Monday, 4 January 2016

Sword Art Online: Lost Song

When you hear the premise of Sword Art Online the anime you would automatically think that it would make an awesome  game, right? I mean, it's a show about people in an MMO and if you die in the MMO, you die in real life (which was also the premise a movie starring Frankie Muniz called “Game Over").  It sounded like it had so much potential but unfortunately, it just becomes boring really quickly.


Developed by Artdink and out now for Playstation 4, Sword Art Online: Lost Song begins pretty well. The problem is that it just doesn’t really go anywhere at all. You don’t need to be a fan of the anime or even play previous games in the series as fan service is kept to a minimum, but there just isn’t much to grasp at in terms of the narrative. It’s honestly just a lot of reading. The gameplay though fairs much better. It feels smooth and responsive and the game even allows you to customise what spells and abilities are mapped to which buttons. It feels completely open and you can make your character feel exactly to your style, quite like an MMO actually. 


That feeling of a MMO continues to the actual gameplay. It's hard to not be impressed by the scope when you see your first field. It's sprawling, vast, and populated. It's not long before you feel like the world is too populated. There are enemies everywhere and you don't have to take them all on; In fact, you're expect to just go where you wish and tackle quests. The enemies are to make it feel like an MMO as if not all enemies are there for you and exist for other "players".

That isn't to say that you can't play with others. The game incorporates multiplayer to play with other real people and if you can, I highly suggest this. Sword Art Online: Lost Song is fun with friends as you take on hundreds of enemies and grinding up your levels. I say play with your friends or other people if you can because this game gets repetitive.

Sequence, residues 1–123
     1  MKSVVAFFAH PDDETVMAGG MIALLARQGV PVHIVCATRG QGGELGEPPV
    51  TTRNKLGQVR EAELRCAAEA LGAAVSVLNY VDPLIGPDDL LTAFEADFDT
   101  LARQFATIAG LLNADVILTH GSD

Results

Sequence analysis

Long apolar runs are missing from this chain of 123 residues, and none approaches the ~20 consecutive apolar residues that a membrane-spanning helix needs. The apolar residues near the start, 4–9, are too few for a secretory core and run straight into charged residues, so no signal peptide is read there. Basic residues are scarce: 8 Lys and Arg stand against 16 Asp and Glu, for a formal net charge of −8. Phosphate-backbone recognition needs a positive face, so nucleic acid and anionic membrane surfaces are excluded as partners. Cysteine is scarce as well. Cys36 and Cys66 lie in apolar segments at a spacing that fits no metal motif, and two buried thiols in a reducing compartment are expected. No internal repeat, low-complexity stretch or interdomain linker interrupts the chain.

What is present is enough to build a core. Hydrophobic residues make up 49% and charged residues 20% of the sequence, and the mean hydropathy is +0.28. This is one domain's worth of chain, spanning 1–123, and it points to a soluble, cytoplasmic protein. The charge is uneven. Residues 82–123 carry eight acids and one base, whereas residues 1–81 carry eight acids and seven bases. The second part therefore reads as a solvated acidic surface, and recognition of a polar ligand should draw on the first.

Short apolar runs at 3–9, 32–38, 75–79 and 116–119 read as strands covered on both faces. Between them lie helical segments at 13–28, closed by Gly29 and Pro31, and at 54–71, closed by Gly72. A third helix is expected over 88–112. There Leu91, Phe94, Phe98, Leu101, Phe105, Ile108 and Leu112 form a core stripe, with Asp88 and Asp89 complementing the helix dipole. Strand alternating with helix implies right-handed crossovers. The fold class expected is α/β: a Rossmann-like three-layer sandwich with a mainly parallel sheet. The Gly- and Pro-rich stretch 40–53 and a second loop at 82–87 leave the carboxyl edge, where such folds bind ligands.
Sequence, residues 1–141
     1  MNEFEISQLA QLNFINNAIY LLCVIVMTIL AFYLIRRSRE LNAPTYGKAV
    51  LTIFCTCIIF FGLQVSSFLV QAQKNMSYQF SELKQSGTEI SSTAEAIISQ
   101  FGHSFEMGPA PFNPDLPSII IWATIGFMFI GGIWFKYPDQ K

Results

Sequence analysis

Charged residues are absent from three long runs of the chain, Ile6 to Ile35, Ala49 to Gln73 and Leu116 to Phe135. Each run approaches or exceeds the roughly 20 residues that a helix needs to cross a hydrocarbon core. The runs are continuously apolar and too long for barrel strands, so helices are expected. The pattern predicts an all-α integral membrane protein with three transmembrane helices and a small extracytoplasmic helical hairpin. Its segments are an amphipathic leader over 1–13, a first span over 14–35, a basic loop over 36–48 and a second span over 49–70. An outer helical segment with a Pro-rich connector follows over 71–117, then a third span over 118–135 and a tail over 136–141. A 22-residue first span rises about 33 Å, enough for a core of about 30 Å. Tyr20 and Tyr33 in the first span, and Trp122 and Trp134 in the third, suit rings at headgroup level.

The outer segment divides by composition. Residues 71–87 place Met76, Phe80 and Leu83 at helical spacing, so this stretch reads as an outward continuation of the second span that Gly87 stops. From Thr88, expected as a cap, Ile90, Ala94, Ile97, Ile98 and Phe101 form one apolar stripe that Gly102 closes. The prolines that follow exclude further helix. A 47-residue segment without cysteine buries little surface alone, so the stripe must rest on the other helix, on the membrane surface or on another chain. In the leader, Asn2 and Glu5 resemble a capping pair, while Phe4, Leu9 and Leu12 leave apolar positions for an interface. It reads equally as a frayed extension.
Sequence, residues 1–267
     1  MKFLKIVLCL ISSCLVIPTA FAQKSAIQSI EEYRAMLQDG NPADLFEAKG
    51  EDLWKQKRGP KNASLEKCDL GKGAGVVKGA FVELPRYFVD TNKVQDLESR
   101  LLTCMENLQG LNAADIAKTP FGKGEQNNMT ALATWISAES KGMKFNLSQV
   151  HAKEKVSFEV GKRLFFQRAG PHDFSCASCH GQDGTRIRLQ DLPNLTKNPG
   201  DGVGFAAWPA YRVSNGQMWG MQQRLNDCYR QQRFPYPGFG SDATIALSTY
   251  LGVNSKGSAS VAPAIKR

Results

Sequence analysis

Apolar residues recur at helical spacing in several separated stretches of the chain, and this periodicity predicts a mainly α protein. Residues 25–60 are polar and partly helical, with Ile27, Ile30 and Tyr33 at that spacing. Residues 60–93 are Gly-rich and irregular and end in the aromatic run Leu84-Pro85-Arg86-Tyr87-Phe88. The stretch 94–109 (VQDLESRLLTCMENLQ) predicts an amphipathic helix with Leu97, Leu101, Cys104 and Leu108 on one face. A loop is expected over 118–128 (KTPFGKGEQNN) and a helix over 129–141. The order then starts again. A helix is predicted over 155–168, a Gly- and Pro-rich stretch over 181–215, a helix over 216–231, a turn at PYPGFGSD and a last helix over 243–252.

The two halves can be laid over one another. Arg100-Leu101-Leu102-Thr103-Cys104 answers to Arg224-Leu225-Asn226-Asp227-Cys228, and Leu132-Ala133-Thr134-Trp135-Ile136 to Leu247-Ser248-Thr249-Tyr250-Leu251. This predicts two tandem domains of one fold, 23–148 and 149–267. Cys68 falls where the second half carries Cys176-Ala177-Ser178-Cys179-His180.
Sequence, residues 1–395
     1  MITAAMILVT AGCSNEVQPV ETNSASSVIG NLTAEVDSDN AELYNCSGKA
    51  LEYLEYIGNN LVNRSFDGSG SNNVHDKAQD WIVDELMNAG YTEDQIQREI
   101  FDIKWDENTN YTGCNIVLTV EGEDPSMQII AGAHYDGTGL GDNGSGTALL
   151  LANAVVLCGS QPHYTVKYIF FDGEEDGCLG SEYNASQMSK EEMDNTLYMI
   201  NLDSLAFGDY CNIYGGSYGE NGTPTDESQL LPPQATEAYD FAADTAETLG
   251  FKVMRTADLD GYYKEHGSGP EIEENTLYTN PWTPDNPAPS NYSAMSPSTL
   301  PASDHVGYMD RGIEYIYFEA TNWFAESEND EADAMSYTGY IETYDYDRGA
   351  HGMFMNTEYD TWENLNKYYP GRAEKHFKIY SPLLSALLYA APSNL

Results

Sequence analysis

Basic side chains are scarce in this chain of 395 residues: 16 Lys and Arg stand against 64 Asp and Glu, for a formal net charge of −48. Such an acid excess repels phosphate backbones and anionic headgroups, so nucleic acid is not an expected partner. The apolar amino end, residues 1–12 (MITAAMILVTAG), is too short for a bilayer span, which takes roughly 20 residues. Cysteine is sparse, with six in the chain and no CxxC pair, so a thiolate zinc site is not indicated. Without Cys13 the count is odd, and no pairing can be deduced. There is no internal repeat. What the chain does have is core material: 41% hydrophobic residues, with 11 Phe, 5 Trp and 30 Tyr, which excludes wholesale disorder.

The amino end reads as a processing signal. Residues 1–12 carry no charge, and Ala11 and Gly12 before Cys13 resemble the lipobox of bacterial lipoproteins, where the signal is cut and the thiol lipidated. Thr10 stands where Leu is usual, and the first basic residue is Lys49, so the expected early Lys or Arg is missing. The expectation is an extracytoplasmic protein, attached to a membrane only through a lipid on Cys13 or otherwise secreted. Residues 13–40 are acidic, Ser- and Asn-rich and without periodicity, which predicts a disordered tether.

How repetitive you ask? Well, I can only assume that this happened but I had my first video game blackout when playing this game. Elaborate? OK, I was in an open field attacking the same enemy for the thousandth time and the next thing I remember I had moved about and my characters had all leveled up by a few levels, something that would take a bit of time. Time itself blurred and vanished from my own existence. This is surprisingly disappointing as Sword Art Online: Lost Song allows you to float and fly whenever you want. Not only can you take on countless enemies on the ground, but you can fight countless of the same enemy in the sky also. Controlling this part varies from acceptable to nearly delivering a powerbomb to your controller in order to do what you want it to. It's once again something that sounds like it could be incredible but fails to follow through.


It sounds like I really didn't like Sword Art Online: Lost Song but that's not the case. The truth is that while I enjoyed it a fair bit, some glaring problems as well as a failure to capitalise on it's promising features means that it never became the game I thought it might be during playtime. I did still enjoy it for what it is.

Sword Art Online: Lost Song
is more lost potential than lost cause 3/5.

 ★★★☆☆

Jason Redmond



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